Friday, July 20, 2012

2012 King of the Hill: I'm Batman!


The Dark Knight Rises Above The Grey
Yes, you heard that right.  I announced the winner in the freaking title.  This movie rocked.  It was two hours and forty five minutes of pure awesome.  The story is very busy and there are a lot of details that were cut to keep this movie from being a week in film length.  The gaps are obvious, but the transitions are handled respectfully.  The movie jumps eight years from the second film and has an almost three month jump in the middle of it.  You miss pieces of that-  wait, hold that thought.

For those who do not know, the 2012 King of the Hill Movie Challenge is my system for determining the best movie of year that I saw. One movie from each month will be selected and, at the end of the year, I will do a tournament style showdown where they will take each other on until the final movie has been selected. Bracket placement will be determined by the number of movies the monthly movie faced and won.

There we go.  Now where was I?  Oh yeah, spoilers.  Spoilers.  And more spoilers.  The Dark Knight Rises is the final installment of the latest Batman releases.  And it provides you with a very satisfying conclusion.  There are spoilers further down in this review for both this movie and The Avengers.  Honestly, I could talk about many points about this film, there is a lot to discuss, but instead of getting into the finer details, I'm going to talk about a tweet I made.

The Dark Knight Rises and The Avengers
I made tweet after seeing the movie about The Dark Knight Rises does something that The Avengers did not do right.  Before I get into this deeply, you need to know that I firmly believe Iron Man is Marvel's Batman.  Both are millionaires without super powers that rely on their use of inventions to fight crime.  Through complete coincidence, The Dark Knight Rises and The Avengers both have a nuclear device as part of the plot.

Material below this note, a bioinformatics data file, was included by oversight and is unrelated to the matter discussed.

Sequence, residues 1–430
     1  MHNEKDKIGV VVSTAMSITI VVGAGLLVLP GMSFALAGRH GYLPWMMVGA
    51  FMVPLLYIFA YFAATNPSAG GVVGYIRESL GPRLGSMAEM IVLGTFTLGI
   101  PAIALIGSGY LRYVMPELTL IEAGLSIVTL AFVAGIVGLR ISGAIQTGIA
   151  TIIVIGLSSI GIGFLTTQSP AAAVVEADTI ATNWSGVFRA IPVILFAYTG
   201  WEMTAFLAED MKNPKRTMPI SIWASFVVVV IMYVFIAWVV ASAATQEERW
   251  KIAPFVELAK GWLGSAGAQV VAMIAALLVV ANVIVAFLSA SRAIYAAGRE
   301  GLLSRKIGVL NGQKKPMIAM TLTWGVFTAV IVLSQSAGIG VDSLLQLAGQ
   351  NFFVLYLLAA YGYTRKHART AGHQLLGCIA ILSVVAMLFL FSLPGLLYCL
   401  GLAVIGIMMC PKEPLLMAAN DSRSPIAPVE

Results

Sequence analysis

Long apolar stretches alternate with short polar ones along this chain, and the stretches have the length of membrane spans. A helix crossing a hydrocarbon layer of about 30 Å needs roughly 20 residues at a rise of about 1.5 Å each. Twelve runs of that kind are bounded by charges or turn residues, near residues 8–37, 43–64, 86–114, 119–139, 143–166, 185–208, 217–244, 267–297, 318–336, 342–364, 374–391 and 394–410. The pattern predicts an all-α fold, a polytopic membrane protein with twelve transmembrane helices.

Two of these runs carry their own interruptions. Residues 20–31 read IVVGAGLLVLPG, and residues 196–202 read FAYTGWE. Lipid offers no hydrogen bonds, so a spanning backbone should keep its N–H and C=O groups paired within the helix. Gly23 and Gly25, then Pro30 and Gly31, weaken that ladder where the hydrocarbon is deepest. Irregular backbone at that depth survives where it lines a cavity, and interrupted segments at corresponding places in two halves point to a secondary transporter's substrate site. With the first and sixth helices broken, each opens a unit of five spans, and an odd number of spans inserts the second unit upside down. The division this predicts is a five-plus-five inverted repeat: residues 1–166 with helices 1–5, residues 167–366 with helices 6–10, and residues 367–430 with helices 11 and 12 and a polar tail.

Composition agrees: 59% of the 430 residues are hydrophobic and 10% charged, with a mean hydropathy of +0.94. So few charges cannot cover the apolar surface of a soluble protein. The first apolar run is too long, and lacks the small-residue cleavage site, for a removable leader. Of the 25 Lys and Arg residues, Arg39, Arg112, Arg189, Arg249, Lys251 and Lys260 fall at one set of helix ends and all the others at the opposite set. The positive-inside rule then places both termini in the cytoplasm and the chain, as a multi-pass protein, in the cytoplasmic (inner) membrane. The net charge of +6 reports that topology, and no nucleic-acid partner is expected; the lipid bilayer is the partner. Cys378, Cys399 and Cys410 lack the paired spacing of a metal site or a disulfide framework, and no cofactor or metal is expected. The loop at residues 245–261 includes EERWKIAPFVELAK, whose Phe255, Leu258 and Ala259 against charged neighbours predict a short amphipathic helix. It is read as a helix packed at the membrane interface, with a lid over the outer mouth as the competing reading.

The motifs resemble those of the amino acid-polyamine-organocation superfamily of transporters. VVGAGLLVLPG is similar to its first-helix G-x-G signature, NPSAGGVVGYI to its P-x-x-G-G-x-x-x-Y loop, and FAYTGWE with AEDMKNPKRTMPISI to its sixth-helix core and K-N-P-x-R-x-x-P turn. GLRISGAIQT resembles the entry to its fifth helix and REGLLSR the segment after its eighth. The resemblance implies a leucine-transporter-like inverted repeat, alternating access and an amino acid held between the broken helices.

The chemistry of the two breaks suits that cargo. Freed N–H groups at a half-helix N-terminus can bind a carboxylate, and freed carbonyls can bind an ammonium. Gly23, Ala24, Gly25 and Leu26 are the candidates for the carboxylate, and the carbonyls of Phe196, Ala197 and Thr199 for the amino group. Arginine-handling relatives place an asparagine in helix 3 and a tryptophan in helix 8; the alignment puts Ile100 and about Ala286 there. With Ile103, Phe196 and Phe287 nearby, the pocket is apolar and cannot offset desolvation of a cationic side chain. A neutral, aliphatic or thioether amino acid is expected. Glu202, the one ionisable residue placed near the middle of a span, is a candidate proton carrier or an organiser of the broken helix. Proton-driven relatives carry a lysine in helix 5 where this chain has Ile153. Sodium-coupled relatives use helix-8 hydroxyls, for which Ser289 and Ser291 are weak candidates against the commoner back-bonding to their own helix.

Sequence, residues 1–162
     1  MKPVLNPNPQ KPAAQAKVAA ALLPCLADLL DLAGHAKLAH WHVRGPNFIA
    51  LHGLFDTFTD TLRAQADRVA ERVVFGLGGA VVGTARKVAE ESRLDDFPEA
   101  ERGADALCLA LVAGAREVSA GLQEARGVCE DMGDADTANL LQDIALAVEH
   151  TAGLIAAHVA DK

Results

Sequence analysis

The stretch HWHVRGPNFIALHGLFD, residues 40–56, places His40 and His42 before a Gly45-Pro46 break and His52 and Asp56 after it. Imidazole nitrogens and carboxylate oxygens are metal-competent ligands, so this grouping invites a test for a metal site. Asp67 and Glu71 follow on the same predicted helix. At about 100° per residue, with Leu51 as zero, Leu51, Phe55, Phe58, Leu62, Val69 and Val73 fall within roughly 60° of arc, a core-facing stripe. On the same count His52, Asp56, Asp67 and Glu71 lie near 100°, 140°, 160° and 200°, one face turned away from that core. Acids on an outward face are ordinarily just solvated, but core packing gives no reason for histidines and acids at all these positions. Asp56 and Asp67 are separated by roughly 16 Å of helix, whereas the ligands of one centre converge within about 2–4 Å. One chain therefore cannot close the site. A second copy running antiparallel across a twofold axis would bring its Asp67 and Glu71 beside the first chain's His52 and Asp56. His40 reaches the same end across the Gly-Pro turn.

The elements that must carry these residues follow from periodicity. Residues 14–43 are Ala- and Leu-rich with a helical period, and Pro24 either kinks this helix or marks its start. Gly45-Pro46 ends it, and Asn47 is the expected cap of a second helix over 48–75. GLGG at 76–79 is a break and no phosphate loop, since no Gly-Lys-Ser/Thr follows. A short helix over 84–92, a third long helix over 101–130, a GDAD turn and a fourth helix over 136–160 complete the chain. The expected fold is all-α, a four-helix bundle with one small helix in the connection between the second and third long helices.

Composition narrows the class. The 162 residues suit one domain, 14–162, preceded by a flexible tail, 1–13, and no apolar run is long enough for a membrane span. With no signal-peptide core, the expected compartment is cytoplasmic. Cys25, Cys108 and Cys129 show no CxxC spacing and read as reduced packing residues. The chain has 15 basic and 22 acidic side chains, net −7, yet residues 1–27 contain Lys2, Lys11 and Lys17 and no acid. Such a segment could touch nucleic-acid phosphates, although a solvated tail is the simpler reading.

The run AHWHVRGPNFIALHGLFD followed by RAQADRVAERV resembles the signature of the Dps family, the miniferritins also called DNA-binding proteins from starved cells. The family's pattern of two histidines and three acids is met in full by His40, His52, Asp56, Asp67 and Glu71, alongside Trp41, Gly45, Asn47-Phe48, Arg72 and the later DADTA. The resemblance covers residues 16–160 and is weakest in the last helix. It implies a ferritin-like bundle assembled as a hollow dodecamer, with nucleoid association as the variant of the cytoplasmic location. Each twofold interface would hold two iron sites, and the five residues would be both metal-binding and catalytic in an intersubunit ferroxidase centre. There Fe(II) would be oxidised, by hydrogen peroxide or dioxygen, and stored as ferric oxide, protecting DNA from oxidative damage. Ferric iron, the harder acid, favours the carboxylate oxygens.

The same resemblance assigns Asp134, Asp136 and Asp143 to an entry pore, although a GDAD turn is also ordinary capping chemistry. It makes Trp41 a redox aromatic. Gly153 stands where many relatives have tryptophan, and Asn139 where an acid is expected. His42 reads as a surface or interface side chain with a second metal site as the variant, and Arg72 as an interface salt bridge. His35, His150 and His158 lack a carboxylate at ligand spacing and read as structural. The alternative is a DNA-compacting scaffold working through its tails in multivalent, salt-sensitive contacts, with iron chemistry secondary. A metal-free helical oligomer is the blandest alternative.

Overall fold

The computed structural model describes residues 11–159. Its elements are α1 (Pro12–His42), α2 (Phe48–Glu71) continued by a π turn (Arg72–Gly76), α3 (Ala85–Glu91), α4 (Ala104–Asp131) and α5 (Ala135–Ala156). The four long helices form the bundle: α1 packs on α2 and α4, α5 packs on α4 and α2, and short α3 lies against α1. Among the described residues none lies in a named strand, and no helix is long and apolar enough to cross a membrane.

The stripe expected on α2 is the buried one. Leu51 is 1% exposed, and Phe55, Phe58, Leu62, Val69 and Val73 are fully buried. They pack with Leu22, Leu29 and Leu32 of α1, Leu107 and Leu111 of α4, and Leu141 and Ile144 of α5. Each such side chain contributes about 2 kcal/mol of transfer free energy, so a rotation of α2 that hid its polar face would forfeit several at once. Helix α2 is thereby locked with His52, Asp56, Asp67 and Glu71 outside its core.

In The Avengers, a nuclear missile is fired at Stark Tower to destroy the aliens and shut down the portal.  Iron Man responds to this by navigating the missile into the portal and ultimately defeats the aliens.  The weapon is incidental, adding a bit of tension and providing a last minute tool that can be used as a weapon to win.  Iron Man's choice to fly the weapon into the portal is a bit of character development.  Though the development is nice, the act is weakened by the fact the weapon is a last minute, external addition to the conflict that conveniently used to resolves the conflict.

In The Dark Knight Rises, the bomb is part of the plot from the very first scene though you don't realize it until half-way into the film.  It is the reason the government (and any other DC Super Heroes) aren't involved in the events in Gotham City.  It is the reason why the citizens of Gotham can't leave the city.  It is the reason why everyone has to work through blood, sweat, and tears to stop Bane.  After everything else has failed, the ONLY option is for Batman to remove the bomb from the city.  It isn't development either.  We know that Batman has given everything  for this city but his life.  It is inevitable that this is what must be done.  No one tries to talk him out of it.  It is understood.  And in this act, the Bruce Wayne Batman is no more.  A permanent, necessary sacrifice.